by Eduardo Rivadavia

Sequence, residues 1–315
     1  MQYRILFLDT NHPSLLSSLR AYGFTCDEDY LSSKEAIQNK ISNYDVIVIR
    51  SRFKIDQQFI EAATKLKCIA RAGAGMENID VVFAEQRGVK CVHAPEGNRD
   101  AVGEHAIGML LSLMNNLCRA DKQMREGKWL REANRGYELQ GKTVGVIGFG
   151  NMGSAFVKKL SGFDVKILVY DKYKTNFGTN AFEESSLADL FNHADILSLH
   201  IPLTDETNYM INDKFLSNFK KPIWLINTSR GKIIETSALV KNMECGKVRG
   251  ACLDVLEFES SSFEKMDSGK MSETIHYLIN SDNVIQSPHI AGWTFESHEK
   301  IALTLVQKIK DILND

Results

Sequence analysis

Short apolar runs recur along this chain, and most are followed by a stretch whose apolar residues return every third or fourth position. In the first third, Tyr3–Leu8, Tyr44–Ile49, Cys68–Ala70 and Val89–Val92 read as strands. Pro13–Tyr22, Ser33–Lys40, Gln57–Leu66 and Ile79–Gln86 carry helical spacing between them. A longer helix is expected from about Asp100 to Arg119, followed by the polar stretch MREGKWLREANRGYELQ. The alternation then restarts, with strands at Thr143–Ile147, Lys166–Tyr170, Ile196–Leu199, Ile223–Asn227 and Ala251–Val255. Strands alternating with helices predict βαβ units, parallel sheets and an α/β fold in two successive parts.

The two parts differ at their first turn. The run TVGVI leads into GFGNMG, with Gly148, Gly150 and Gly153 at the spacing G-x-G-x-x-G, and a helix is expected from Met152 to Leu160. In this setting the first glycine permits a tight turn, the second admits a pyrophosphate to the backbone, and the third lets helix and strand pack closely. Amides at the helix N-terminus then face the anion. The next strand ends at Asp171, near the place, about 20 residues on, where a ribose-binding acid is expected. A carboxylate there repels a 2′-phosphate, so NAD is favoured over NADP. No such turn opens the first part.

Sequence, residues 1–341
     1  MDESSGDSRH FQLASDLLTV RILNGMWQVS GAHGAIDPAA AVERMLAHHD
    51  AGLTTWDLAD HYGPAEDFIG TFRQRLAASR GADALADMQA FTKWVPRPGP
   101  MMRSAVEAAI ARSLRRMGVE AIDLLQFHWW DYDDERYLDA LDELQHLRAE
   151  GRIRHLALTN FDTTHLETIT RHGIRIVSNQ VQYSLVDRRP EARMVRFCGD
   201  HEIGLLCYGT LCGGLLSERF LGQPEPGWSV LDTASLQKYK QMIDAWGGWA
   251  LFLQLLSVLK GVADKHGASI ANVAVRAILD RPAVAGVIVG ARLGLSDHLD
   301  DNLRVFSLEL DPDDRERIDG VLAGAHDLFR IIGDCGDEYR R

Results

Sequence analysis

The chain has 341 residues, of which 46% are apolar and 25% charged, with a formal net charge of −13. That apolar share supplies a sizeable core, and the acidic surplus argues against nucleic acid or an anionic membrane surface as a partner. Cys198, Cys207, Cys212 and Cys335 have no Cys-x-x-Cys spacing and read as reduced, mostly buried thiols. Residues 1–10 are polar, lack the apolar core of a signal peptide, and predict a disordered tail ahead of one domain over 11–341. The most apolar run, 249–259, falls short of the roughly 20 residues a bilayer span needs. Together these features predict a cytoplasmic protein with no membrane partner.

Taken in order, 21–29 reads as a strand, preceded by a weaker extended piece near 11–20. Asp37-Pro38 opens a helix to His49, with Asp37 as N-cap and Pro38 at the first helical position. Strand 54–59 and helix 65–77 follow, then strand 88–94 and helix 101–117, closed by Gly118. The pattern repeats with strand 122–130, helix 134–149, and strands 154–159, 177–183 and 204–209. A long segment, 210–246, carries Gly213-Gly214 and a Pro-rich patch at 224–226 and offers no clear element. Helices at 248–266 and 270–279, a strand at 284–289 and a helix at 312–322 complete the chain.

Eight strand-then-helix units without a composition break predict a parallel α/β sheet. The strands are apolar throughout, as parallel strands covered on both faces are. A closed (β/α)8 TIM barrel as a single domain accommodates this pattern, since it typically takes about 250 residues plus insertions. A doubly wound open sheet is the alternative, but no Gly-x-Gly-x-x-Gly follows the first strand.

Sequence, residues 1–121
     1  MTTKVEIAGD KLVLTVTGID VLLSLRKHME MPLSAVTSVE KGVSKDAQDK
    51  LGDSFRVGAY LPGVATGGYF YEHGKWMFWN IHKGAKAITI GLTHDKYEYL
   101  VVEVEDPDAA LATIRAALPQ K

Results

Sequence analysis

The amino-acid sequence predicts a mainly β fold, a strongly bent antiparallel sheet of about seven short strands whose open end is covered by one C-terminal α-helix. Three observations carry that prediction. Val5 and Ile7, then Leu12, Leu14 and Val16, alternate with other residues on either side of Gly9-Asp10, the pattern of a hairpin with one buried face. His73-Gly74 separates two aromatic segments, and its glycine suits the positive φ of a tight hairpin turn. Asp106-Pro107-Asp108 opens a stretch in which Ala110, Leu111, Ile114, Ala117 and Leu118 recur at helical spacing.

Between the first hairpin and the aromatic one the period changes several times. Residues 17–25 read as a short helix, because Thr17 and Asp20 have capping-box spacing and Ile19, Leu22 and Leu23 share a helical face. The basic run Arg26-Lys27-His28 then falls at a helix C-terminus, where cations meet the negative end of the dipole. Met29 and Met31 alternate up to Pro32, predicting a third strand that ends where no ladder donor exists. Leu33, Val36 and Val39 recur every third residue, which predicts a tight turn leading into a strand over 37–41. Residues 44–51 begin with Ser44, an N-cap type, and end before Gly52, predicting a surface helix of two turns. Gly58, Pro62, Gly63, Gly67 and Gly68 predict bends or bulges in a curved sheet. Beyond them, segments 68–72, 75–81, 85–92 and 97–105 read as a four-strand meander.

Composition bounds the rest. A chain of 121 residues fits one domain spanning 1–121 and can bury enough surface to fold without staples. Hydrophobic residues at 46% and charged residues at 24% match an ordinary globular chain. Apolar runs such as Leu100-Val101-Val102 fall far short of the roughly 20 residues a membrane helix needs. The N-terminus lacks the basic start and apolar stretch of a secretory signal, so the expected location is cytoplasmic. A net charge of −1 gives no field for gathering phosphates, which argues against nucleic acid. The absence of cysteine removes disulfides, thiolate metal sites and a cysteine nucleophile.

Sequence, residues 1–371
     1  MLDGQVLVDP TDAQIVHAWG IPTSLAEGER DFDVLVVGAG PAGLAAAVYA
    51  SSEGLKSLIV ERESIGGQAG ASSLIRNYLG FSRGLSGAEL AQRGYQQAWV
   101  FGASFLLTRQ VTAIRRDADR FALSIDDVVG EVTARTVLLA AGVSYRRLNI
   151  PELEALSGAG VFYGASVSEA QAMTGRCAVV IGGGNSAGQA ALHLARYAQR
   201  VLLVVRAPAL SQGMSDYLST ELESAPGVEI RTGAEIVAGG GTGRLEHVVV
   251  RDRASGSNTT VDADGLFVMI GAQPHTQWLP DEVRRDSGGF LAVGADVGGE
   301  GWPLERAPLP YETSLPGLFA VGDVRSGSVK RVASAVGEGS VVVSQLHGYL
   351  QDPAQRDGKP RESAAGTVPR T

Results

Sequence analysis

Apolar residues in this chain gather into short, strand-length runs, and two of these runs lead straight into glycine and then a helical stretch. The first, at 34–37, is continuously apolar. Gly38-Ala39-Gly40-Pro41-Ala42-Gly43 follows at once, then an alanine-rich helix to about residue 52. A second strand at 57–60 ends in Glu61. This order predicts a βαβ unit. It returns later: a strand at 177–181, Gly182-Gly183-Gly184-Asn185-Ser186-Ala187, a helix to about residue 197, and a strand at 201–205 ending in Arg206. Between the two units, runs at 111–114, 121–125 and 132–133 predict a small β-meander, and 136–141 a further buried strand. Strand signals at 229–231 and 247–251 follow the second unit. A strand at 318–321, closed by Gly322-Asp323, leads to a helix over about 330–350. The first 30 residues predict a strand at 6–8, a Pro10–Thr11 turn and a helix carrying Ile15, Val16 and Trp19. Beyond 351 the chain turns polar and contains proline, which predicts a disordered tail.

After several years of conducting one-off musical experiments, oftentimes issued in limited numbers and unconventional formats like vinyl, cassette, or CD-R (or not at all), Chicago's Locrian finally felt ready to record their debut album in 2009's Drenched Lands. But that decision hardly spelled the end of the group's restless musical shape-shifting, as evidenced by the brusque textural disconnect between each of the album's songs (and the art of seamless "sequencing" be damned), beginning with its brief, minimal, and melancholy opening gambit, "Obsolete Elegy in Effluvia and Dross," and its protracted, slowly escalating noise-drone follow-up, "Ghost Repeater." Even by post-metal standards, the pair just don't line up -- on paper -- yet they ultimately make sense in the decontextualized "anything goes" mentality displayed throughout Drenched Lands. This proceeds via always unexpected detours into atmospheric black metal ("Barren Temple Obscured by Contaminated Fogs"), church organ reverie-cum-doomy power chord misery ("Epicedium"), and assiduous feedback sculpting over tolling bells and scything guitar staccatos ("Obsolete Elegy in Cast Concrete"). Technically, Drenched Lands concludes here, but a 30-minute-long bonus offering entitled "Greyfield Shrines" (previously released on vinyl, but virtually impossible to find) reveals what Locrian can do to connect their eclectic creative interests when they choose to, and the terrifyingly cinematic results, climaxing in a mechanical primal scream, are truly awesome to behold. And, as it turned out, Locrian's virginal foray into full-length territory opened a virtual floodgate of inspiration that yielded another pair of very impressive (and largely uncategorizable) albums within a year, those being 2010's Territories and The Crystal World.